Of 500 exercises there were 15 occasions during which a hazard tothe aircraft was present, with eight (1.6%) resulting in a crash. In a second series wherethe subtle incapacitation occurred in isolation during a critical stage of flight, a hazard toflight was identified in only ten out of 800 cases (1.2%). Of those ten, only 2 involvedcrashes (0.25% of the 800 cases). The incapacitation data appear to support twoconclusions: first, incapacitations do not pose a significant risk, given present medical certification guidelines; second, incapacitations may not pose a significant increase inrisks (Bennett, 1990, 1992), even if age is extended to 65.


While there are numerous physiological changes that accompany aging, many that exertsome influence on performance are considered under the perceptual-motor skills area.The existing sleep literature provides ample documentation of changes in sleeparchitecture associated with age, from infancy to older adulthood. Gander, DeNguyen,Rosekind, and Connell (1993) provided information concerning the interaction betweenage and sleep loss for pilots involved in long-haul operations, across four age groupsfrom 20-30 years of age to 50-60 years of age.

Amount of sleep loss generally increasedwith age. These findings have important implications for the establishment of dutyschedules and the development of fatigue countermeasures in aviation. Changes inoperator alertness associated with fatigue are a significant problem across all modes oftransportation (U. S. Department of Transportation, 1999). The Department ofTransportation has initiated a coordinated ONEDOT program to reduce fatigue-relatedconcerns in all modes of commerical transportation.

Cognitive Skills.

Hardy and Parasuraman (1997) provided the most extensive review of age-related studieson pilot age and cognitive skills to date. Their findings are consistent with those ofTsang (1992) and Morrow and Leirer (1997). Age-related declines in performance weremost evident in perceptual-motor and memory tasks. Lesser effects were noted in attention and problem solving/decision-making. There was little evidence, except fortime-sharing tasks, that pilot expertise reduced the age-related declines in performance.Where appropriate, additional findings have been incorporated in this review. Hardy andParasuraman (1997) described the effects of age on pilot cognition under four categories:perceptual-motor skills, memory, attention, and problem solving/decision making. Anarea not addressed involves general changes in physiology that can influenceperformance.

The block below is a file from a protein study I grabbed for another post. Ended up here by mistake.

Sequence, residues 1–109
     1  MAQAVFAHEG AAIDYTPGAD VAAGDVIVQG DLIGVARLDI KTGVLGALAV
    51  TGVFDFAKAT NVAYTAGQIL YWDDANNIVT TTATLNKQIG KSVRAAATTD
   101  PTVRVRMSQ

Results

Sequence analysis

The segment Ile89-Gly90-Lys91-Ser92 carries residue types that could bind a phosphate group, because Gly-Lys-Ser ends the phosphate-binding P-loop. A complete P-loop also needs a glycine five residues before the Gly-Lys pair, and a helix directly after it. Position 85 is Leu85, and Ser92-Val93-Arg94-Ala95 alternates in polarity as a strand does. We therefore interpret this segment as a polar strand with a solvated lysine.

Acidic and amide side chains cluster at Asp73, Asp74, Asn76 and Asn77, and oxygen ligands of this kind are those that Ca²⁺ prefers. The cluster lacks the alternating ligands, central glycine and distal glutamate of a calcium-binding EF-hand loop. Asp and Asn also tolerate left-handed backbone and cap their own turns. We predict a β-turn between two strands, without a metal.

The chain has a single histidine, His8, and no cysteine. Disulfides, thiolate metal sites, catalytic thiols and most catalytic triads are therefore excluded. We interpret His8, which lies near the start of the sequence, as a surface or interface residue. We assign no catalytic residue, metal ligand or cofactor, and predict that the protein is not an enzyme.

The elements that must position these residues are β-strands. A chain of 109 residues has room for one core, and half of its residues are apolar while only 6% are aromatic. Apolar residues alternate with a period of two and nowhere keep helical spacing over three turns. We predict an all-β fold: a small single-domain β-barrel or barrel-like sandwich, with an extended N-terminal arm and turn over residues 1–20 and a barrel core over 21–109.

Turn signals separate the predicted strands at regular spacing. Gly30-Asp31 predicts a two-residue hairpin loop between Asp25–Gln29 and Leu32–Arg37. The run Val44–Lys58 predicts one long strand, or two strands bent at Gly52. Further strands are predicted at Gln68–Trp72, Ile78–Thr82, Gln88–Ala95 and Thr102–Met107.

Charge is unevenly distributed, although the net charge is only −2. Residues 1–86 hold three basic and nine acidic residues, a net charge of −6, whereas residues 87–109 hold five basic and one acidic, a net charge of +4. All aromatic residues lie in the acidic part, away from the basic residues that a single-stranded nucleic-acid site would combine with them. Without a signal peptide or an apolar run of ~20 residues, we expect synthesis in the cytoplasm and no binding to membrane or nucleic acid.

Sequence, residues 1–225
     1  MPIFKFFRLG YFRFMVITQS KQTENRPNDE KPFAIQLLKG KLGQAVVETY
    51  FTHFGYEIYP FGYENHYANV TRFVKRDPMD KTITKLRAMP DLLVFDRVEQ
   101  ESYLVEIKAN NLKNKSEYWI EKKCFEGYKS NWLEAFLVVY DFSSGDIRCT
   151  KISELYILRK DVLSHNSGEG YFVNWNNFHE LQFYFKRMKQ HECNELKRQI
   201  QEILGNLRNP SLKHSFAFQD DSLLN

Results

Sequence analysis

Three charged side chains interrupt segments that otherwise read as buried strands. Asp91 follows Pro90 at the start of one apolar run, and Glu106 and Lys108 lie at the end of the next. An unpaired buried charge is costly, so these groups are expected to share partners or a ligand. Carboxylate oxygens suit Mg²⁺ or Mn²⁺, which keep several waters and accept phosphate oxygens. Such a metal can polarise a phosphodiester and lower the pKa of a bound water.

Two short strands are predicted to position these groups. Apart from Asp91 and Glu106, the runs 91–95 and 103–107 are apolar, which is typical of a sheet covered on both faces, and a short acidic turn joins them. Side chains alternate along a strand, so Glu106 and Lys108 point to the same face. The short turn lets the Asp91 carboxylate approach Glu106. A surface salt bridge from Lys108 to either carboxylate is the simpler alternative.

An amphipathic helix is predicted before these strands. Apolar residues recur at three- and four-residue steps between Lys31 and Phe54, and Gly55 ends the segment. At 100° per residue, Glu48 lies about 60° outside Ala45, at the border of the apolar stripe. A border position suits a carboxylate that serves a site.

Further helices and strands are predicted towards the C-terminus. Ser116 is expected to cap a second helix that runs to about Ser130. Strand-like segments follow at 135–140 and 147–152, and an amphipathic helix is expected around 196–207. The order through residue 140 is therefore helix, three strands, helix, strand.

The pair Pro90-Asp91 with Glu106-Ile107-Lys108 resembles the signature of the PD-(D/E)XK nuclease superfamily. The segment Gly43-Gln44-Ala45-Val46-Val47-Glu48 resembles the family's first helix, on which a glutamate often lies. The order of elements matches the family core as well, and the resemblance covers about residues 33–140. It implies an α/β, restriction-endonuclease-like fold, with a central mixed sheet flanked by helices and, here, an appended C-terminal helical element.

Perceptual Motor Skills.

Pilots experience many of the same general declines in perception (visual and auditory)that are found in non-pilots. In a review of perceptual and motor functions (IOM, 1981),information is provided regarding the manner in which age-related changes influence theability of pilots to respond to glare and to rapid changes in illumination, to detect finedetails under lowered levels of illumination, and to detect moving targets. Documentedchanges in accommodation associated with age are often reported, although bifocal lensesserve to reduce the potential effects on visual performance. In their overview of theperceptual-motor skills area Hardy and Parasuraman (1997) report that age-relatedchanges in perceptual-motor skills are evident for a variety of pilot types. The findingsappear to be stronger for GA pilots than for commercial or other (e. g. military) pilotgroups. Differences between groups may be attributed in part, to the more restricted agerange for military and commercial pilots.


Studies of pilot performance on memory tasks reveal significant age-related changes formost working memory tasks. Morrow, et al. (1992) found that pilots and non-pilotsexhibited similar age-related declines in the recall of aviation-related materials. In asecond study (Morrow, et al. 1994), had pilots readback routine Air Traffic control(ATC) communications. While expertise eliminated age differences for repeatingheading commands presented visually, it reduced but did not eliminate differences fromspoken messages. Age related declines were equivalent for the two groups on lessdomain-relevant tasks.

However, in a more recent study (Morrow, Menard, & Stine-Morrow, 1999a), the effectsof expertise were not apparent in the recall of ATC messages of a route through aparticular airspace. Differences with earlier studies were attributed to the fact that thetask in the more recent study may have been less domain-relevant. Using the same task,but allowing pilots and non-pilots to make notes of the communications, Morrow,Menard, and Stine-Morrow (1999b) found that age-related declines in readback accuracywere eliminated by expertise. Their earlier findings, when subjects were not allowed towrite down the communications were attributed to age-related declines in storagecapacity.